By the late 9th century CE however, this Maya metropolis was unravelling. Around this time, Tikal and a number of other Maya cities were abandoned, and a new analysis of Tikal’s reservoirs lends important new insights into why the city’s ancient exodus may have occurred.
A team led by scientists at the University of Cincinnati analysed sediment from reservoirs within the ancient city – located in modern day Guatemala – and found evidence of toxic contaminants that would have made Tikal’s drinking water undrinkable.
For a sprawling city prone to severe droughts – and cut off from lakes and rivers – polluted rainwater collectors could have spelt the end for Tikal’s thousands of inhabitants, estimated to number up to 100,000 people at the city’s peak.
“The conversion of Tikal’s central reservoirs from life-sustaining to sickness-inducing places would have both practically and symbolically helped to bring about the abandonment of this magnificent city,” the researchers write in a new paper.
To explore how Tikal’s reservoir systems sustained (and failed to sustain) the city’s populace, the research team, led by biologist David Lentz, sampled sediment collected from 10 of the city’s reservoirs.
Analysis of DNA still contained in the ancient dirt revealed traces of two different kinds of cyanobacteria (blue-green algae) in the reservoirs.
The evidence suggest these organisms – Planktothrix and Microcystis – existed in the reservoirs for centuries during Tikal’s occupation, but likely became particularly problematic in blue-green algal blooms during periods of severe dryness just prior to Tikal’s abandonment in the mid-9th century CE.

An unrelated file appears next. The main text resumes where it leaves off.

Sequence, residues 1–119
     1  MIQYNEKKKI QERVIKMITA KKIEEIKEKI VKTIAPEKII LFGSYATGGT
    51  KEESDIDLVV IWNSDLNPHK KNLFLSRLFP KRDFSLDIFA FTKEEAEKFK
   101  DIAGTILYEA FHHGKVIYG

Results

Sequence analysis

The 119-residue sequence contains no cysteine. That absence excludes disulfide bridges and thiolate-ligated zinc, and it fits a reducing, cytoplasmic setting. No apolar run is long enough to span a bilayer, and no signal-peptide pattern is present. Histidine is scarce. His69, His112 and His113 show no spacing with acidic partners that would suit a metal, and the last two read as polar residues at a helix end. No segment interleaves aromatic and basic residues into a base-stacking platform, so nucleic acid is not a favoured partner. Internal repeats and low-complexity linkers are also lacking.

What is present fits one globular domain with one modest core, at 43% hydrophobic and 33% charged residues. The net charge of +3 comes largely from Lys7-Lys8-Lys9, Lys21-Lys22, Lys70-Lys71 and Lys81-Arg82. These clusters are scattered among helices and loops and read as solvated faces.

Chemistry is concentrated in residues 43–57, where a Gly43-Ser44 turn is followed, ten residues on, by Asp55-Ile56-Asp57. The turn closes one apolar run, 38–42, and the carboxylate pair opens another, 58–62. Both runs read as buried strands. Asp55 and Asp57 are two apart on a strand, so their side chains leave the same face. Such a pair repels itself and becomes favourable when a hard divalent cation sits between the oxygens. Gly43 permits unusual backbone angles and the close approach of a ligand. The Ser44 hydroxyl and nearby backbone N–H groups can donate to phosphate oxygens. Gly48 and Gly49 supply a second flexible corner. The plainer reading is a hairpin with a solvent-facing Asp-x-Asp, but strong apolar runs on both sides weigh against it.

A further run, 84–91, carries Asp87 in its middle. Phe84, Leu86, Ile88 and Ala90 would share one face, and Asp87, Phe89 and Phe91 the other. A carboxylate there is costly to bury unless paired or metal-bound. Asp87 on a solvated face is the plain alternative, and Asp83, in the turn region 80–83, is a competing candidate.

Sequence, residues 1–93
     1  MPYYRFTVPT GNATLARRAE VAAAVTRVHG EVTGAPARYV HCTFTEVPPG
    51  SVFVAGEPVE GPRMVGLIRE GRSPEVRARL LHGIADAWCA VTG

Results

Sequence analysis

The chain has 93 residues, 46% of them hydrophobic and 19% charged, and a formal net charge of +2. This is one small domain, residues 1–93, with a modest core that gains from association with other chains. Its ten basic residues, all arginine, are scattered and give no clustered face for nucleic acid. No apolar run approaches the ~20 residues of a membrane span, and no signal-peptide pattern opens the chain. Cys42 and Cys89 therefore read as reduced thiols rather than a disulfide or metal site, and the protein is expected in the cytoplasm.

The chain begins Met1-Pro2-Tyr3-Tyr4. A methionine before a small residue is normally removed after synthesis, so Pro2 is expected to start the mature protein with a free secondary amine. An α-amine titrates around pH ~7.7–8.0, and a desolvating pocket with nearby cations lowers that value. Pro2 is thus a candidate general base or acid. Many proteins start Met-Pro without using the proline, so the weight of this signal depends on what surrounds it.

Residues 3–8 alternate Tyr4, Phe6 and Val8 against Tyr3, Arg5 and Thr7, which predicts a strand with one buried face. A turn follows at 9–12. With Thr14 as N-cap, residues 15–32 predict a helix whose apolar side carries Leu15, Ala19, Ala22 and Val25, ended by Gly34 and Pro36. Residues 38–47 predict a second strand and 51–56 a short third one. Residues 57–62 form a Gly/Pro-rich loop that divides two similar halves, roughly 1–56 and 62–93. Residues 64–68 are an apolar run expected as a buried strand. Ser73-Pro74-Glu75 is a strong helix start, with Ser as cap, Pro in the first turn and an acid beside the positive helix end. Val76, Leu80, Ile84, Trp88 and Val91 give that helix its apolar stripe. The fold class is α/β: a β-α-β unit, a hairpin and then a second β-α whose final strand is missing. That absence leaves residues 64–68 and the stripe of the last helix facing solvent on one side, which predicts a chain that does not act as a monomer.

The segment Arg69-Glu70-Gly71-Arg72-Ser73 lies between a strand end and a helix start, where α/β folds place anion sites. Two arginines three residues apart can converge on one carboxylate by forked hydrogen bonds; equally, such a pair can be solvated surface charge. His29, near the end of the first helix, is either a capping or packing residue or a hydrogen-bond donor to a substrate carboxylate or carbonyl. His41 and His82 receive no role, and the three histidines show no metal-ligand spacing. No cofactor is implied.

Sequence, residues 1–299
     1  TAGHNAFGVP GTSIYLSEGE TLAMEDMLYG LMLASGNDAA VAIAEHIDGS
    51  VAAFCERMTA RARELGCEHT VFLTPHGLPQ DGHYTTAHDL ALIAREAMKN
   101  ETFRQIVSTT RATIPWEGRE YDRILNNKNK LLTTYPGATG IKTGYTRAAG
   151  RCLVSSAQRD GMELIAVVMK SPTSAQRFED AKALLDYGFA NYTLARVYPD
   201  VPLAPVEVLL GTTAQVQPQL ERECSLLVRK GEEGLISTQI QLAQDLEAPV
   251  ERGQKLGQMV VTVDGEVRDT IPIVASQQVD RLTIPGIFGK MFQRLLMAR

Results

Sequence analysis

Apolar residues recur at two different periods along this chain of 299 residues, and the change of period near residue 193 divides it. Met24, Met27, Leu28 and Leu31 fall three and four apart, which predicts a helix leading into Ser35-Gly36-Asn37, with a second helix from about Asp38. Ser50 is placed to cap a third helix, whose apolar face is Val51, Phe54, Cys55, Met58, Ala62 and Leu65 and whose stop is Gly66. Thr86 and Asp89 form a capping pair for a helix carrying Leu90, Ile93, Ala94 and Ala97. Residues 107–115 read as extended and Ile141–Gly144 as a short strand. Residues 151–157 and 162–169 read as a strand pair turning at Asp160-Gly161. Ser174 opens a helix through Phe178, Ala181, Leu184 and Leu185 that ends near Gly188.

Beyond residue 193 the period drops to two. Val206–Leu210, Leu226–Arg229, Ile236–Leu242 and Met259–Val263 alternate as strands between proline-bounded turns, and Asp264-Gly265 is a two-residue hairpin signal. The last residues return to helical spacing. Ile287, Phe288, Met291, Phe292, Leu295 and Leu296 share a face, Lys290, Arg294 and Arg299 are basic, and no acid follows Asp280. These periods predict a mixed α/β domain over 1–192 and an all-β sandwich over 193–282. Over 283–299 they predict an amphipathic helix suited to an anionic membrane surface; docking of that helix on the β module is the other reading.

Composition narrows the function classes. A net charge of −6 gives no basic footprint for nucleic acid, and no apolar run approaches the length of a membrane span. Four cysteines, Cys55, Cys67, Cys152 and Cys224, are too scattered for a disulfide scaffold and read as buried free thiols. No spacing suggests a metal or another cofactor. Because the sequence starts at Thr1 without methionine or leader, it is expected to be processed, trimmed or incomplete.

“The water would have looked nasty. It would have tasted nasty,” says one of the team, archaeological geologist Kenneth Tankersley.
“There would have been these big blue-green algae blooms. Nobody would have wanted to drink that water.”
Bugs in the water weren’t the only source of toxicity. The analysis also revealed high levels of mercury in the sediment.
After ruling out potential sources of mercury pollution from the natural environment (mercury leaching into water reservoirs from underlying bedrock, or falling onto them via volcanic ash), the researchers realised it was the Maya themselves who likely introduced the contaminant.
“Colour was important in the ancient Maya world,” Tankersley says. “They used it in their murals. They painted the plaster red. They used it in burials and combined it with iron oxide to get different shades.”
Unfortunately for the Maya, one of the ingredients they used in their paints was the red-coloured mineral cinnabar, which is a form of mercury sulfide, and toxic to humans who come into contact with it.
This toxicity may have been known to the Maya, as it was known by other ancient peoples, but however safely they handled it, they might never have realised that over time, rainwater washed dangerous levels of the toxic pigment from painted surfaces into the city’s reservoirs – poisoning even the city’s elite, who lived near Tikal’s Palace and Temple reservoirs.
“As a result, the leading families of Tikal likely were fed foods laced with mercury at every meal,” the authors explain.
“Contaminated waters would have had a negative impact on the health of the community, especially the ruling elite, and may have compromised their ability to lead effectively.”
In the same time period, climatic aridification and environmental degradation were also huge problems for the Maya, but the lack of fresh drinking water – a potent symbol in the culture – may have been the final straw in a drought-stricken, polluted city on the verge of collapse.
“There may well have been those who saw the events described above and the concomitant droughts as a failure of their leaders to adequately appease the Maya gods,” the researchers write.
“Indeed, these events coming together must have resulted in a demoralised populace who, in the face of dwindling water and food supplies, became more willing to abandon their homes.”
The findings are reported in Scientific Reports.